This page will be frequently updated before and during the spring meetings to include analysis of the communiqués, notes from meetings, background information and more.
- Pre-meetings background
- Agendas and background for papers for committee meetings – IMFC and Development Committee
- International Monetary and Financial Committee (IMFC) – IMF only
- Development Committee – World Bank and IMF
- Highlights of official meetings and communiqués
- Highlights of civil society meetings, and other meetings and seminars
- Conclusions and wrap-up
As the World Bank and IMF prepare to meet in Washington, we set out the key issues for the week.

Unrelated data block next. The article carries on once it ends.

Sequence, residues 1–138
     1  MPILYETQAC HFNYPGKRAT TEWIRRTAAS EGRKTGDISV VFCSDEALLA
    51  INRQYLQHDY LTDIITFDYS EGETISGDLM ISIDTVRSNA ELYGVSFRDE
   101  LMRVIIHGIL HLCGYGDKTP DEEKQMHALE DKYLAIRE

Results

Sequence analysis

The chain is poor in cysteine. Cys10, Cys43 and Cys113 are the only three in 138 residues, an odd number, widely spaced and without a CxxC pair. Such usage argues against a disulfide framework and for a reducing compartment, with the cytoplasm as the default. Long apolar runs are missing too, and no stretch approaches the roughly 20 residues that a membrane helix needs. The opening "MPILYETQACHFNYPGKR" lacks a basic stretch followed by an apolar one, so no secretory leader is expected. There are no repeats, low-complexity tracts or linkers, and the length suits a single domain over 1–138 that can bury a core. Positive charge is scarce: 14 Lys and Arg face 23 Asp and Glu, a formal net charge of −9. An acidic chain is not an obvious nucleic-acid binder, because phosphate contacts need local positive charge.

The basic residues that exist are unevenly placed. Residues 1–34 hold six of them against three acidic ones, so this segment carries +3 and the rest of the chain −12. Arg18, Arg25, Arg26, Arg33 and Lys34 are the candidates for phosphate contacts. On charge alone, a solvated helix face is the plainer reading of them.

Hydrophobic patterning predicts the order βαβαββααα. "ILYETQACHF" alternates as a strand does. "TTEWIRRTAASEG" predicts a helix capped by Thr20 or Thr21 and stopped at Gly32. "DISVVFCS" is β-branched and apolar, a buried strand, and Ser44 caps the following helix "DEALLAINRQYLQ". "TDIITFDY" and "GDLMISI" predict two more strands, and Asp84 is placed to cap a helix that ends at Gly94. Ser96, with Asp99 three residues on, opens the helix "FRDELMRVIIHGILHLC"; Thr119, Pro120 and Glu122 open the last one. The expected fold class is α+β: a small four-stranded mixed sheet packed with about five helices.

This year’s spring meetings will take place in a context of global uncertainty generated by the election of president Trump in the US, the formalisation of Brexit in Europe, and the rise of anti-trade movements across the developed world which once championed it. Making the case for trade as essential to global economic health is likely to be front and centre at the meetings. Meanwhile, civil society will continue to bring to light the persistent disparity between the World Bank and Fund’s rhetoric and the realities of their policies on the ground. Issues such as the negative impact of the IMF’s fiscal policies on women and girls and the Bank’s continued push for privatisation, including the leveraging of private sector investments, will feature prominently at the meetings.